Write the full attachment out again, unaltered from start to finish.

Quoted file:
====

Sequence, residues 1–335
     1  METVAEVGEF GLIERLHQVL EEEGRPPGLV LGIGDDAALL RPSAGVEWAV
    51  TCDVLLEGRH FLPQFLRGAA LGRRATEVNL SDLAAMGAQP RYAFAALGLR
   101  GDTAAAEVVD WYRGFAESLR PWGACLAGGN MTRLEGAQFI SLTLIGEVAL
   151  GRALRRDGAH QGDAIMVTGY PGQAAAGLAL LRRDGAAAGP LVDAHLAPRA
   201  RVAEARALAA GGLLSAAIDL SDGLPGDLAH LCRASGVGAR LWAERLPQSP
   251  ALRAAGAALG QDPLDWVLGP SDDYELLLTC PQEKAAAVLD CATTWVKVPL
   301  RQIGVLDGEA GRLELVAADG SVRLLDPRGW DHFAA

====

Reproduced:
Sequence, residues 1–335
     1  METVAEVGEF GLIERLHQVL EEEGRPPGLV LGIGDDAALL RPSAGVEWAV
    51  TCDVLLEGRH FLPQFLRGAA LGRRATEVNL SDLAAMGAQP RYAFAALGLR
   101  GDTAAAEVVD WYRGFAESLR PWGACLAGGN MTRLEGAQFI SLTLIGEVAL
   151  GRALRRDGAH QGDAIMVTGY PGQAAAGLAL LRRDGAAAGP LVDAHLAPRA
   201  RVAEARALAA GGLLSAAIDL SDGLPGDLAH LCRASGVGAR LWAERLPQSP
   251  ALRAAGAALG QDPLDWVLGP SDDYELLLTC PQEKAAAVLD CATTWVKVPL
   301  RQIGVLDGEA GRLELVAADG SVRLLDPRGW DHFAA